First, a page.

I like to respond that Netflix isn't a tech company, either—they're in the business of delivering entertainment. Their position and reputation allows them to build a stronger engineering culture, but their technology still is subservient to their non-tech business goals. While "software is eating the world" has been quoted to the point of being a cliché, the organizations that recognize software as a competitive differentiator—rather than merely a cost center—definitely have an edge against their tech-averse competitors.
Now that I'm older and not working there anymore, I understand that it's a culture problem and that management just didn't know any better, but I've come to accept the fact that it was a great way to cut costs and get away with it. After all, they still have many employees and manage to make more profit year after year. It just made for a very demotivating environment.
We’re prudent, we don’t like to waste money, and we analyze investments from every angle we can think of.
But we look at Tech (we don’t call it IT) as a profit center. We don’t invest in anything unless it can drive down costs, increase revenues, or is needed for regulatory or security reasons.
And when we pull the trigger, I want to make sure that we’ve got the best stuff on the market. Everyone uses either Macs or PCs (we’re agnostic), and run as many monitors as they need to feel productive. Everyone has an iPhone and an iPad. When the hurricane hit Houston, our office building was out of commission for over a week, but we kept running the business.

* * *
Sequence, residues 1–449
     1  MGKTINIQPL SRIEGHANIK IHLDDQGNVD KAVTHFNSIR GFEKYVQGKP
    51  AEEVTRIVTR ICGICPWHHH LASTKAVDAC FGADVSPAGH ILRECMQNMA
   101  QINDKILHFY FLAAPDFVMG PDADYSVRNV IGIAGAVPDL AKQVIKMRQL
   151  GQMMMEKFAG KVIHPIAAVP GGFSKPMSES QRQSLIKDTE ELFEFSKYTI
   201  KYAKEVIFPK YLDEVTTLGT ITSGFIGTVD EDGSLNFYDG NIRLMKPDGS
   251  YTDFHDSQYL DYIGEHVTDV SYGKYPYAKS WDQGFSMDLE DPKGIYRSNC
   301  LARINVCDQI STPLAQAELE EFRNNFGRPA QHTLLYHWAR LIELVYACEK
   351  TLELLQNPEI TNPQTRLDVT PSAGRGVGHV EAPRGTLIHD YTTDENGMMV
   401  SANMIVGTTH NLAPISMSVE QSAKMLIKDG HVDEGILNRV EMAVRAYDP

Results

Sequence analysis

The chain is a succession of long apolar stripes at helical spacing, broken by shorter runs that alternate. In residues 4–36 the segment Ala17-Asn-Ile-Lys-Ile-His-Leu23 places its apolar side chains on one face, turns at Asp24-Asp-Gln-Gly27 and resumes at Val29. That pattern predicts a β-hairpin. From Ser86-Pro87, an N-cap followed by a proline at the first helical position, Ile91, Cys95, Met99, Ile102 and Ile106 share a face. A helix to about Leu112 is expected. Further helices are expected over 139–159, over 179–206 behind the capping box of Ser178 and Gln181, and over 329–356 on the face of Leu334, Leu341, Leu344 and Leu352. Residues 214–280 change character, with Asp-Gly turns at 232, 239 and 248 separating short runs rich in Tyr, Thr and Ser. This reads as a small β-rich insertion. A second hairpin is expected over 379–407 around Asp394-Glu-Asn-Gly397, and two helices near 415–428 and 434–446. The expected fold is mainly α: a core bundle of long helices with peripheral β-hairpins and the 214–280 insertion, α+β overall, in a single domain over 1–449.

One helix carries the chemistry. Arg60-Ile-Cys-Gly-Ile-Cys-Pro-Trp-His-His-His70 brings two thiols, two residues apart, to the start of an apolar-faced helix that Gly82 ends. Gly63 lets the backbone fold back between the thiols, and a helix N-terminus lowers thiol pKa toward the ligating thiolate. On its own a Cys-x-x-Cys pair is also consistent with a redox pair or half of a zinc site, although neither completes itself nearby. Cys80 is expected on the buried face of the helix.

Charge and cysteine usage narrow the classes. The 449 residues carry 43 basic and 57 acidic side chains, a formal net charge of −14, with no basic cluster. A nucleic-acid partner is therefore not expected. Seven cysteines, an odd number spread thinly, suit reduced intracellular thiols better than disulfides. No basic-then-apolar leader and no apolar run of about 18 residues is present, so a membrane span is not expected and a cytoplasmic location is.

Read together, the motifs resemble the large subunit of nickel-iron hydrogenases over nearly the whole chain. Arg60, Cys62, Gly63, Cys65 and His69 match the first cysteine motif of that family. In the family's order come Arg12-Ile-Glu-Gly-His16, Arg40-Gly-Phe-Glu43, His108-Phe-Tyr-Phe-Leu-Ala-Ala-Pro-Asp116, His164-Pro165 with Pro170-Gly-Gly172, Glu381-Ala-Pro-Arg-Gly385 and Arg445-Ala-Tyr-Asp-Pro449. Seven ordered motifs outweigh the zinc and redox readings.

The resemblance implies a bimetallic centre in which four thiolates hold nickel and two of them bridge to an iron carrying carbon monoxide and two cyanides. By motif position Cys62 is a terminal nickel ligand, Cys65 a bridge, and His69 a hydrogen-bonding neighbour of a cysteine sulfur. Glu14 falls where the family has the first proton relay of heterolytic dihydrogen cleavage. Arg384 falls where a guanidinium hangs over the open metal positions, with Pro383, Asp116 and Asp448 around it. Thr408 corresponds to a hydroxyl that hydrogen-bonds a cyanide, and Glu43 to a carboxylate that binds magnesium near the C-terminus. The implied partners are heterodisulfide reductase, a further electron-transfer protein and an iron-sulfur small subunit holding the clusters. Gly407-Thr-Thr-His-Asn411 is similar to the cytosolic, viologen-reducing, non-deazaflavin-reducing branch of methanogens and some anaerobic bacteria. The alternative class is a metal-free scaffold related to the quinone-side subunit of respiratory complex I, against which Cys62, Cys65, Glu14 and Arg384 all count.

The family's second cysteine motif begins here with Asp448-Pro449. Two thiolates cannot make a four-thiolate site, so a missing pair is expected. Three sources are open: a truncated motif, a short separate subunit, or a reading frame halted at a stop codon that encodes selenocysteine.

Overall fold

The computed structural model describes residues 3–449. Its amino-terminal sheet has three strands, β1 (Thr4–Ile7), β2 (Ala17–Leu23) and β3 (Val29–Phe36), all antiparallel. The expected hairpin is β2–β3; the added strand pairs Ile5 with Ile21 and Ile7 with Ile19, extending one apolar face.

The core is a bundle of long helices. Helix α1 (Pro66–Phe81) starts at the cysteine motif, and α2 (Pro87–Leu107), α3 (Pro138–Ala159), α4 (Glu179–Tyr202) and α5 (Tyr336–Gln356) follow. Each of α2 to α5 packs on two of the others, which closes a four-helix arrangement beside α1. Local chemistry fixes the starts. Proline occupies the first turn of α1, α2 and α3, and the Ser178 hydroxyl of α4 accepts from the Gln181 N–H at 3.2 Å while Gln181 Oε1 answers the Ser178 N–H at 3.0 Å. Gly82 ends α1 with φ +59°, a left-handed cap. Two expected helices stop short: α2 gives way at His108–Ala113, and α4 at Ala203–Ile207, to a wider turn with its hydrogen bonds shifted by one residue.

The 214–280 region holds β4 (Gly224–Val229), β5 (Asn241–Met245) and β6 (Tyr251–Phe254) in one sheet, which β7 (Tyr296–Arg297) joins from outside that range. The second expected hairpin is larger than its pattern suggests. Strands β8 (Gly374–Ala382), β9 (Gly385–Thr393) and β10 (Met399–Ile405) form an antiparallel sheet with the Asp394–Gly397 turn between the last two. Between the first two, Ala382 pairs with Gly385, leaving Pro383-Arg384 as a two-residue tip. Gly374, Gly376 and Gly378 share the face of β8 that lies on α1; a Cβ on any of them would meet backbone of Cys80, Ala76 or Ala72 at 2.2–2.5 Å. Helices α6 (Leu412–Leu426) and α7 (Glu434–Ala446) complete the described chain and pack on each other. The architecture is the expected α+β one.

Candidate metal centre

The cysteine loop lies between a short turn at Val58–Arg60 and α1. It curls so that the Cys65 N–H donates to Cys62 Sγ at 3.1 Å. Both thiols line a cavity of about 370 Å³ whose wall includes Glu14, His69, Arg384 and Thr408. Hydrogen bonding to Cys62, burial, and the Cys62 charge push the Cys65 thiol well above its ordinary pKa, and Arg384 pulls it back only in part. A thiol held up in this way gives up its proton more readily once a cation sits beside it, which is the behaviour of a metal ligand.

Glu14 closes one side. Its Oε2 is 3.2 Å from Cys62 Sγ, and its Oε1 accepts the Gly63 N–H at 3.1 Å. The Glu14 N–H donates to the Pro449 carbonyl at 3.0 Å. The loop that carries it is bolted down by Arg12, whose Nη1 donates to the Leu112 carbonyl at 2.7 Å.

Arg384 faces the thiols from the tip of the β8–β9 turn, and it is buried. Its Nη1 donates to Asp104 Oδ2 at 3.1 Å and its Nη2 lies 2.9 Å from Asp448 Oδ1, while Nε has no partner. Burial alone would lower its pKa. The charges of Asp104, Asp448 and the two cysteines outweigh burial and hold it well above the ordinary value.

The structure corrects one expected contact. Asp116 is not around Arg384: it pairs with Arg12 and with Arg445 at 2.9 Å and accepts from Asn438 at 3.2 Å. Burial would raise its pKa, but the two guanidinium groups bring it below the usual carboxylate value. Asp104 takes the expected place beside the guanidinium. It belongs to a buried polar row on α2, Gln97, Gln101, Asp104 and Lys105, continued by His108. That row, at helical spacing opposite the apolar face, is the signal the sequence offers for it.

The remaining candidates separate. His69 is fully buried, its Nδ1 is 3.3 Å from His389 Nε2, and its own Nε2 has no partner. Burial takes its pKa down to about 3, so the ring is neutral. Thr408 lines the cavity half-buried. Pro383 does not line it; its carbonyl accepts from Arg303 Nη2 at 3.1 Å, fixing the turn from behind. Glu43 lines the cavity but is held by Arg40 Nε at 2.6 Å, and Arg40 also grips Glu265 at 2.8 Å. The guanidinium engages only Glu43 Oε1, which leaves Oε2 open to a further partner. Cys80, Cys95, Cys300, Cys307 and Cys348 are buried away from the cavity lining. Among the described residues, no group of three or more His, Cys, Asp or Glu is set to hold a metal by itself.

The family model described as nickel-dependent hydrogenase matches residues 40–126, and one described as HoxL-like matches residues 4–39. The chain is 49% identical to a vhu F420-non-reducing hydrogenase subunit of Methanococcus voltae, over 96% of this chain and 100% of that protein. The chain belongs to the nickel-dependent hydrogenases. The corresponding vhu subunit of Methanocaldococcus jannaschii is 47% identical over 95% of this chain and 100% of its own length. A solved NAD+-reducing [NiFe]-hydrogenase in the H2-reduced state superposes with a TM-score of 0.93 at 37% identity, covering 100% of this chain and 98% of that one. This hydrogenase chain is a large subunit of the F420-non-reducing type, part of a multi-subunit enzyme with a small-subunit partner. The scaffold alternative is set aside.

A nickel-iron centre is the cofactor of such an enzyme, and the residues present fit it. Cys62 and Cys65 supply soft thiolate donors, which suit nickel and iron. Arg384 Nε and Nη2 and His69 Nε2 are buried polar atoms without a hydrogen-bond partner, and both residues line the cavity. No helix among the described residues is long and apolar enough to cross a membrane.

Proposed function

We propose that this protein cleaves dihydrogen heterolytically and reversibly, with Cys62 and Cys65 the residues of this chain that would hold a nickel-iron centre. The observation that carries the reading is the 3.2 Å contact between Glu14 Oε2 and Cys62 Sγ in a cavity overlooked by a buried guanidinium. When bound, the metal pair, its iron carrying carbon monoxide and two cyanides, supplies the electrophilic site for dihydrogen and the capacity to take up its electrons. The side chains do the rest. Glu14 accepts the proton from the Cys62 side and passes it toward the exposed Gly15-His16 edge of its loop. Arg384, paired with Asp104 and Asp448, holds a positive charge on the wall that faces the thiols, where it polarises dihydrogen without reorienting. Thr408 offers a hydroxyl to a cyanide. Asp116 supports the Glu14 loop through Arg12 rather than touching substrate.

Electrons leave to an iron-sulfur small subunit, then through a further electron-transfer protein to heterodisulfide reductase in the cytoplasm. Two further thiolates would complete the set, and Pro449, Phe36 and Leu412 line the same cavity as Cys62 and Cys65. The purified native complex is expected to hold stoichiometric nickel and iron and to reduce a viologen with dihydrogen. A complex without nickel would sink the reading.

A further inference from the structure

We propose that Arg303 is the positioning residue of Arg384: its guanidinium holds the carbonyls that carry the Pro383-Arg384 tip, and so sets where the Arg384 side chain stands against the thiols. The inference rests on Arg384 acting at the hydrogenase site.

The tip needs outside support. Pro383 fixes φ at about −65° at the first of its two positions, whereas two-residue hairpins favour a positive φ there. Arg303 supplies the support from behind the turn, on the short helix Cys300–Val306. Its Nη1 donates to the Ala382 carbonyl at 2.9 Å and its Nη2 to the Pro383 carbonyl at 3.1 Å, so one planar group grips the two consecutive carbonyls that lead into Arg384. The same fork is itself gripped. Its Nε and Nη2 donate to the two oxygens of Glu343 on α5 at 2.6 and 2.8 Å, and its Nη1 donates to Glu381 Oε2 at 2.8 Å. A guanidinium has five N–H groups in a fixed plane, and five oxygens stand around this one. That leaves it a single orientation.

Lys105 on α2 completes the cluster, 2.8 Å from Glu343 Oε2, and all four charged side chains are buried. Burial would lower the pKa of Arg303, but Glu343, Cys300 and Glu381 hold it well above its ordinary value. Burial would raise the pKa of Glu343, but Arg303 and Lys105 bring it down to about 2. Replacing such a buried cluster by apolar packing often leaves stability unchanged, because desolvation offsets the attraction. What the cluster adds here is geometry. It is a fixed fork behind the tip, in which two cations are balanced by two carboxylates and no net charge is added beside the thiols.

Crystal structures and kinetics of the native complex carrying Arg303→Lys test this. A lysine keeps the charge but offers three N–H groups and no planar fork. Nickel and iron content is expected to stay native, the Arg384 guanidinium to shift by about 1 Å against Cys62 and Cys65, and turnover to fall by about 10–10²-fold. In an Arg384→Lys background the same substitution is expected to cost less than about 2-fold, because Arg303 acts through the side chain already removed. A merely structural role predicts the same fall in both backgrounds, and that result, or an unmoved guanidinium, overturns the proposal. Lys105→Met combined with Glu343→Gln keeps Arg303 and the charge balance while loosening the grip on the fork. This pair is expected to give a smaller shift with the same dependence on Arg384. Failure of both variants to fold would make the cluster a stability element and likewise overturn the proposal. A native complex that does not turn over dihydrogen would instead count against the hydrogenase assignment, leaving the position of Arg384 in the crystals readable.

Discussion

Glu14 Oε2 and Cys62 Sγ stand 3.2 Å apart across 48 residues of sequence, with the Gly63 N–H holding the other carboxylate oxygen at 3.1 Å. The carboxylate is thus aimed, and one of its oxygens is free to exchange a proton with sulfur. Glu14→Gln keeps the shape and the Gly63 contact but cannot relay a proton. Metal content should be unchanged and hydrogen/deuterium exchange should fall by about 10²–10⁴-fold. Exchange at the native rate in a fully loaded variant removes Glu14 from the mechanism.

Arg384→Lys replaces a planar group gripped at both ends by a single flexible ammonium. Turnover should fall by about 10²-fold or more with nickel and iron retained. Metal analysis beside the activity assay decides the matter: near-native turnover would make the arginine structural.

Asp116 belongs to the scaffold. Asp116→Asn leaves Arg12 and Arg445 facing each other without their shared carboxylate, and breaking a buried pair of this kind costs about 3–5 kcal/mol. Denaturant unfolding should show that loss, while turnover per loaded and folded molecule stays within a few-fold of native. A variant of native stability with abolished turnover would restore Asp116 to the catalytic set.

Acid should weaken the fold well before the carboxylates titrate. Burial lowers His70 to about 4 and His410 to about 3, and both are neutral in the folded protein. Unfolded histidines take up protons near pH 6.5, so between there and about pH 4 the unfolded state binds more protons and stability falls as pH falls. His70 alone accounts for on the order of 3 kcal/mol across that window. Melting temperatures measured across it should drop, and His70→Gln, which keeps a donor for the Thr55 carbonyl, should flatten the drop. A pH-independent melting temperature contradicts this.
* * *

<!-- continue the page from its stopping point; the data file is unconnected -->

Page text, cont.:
I want to make sure that Tech allows us to multiply our capabilities. We have a paperless office where any paper is scanned at hi-res, put into our systems and linked to client or regulatory records. Everything is shredded afterwards.
Long ago, I worked in IT, and was dumbfounded by the shortsightedness I saw inside companies who don’t know how to utilize IT. I love competing against those idiots now, because my capabilities are way higher and our cost structure is lower. If we didn’t have all our paper copies scanned in when the hurricane hit, we would have been dead in the water (sorry for the pun).
So, I really feel sorry for all those people who work for morons like the Parent describes, but here’s my recommendation: go start a company and run with your vision. You may fail a couple times (I did), but once you win - and it only takes once - you will never look back.
Appreciating something just because it's novel is bullshit. Appreciating something that solves an actual problem effectively.. that's where I want to be.
Ironically, the orgs responsible for technology “get it” the least, as they are in the business of ITIL bullshit and order filling. IT bureaucracy will spend $10,000 to save $0.10.
This has literally always been the case with IT; they were always seen as cost-centers, not profit.... which is largely due to IT departments historically falling under the CFO....
CEO: "Keep these motherfuckers from spending money"
IT: if "You want this [project] to meet your requirements of [XYZ]?, then == $2000000
CFO: "Fuck you, lets do it for half that and drop security and accessibility as a result"
It's an instant turn-off for me when I hear something like that. These are companies that should be thinking of tech as a means to an end, and not an end in an of itself. Even when I worked at a major software vendor, the tech was still just a means to an end.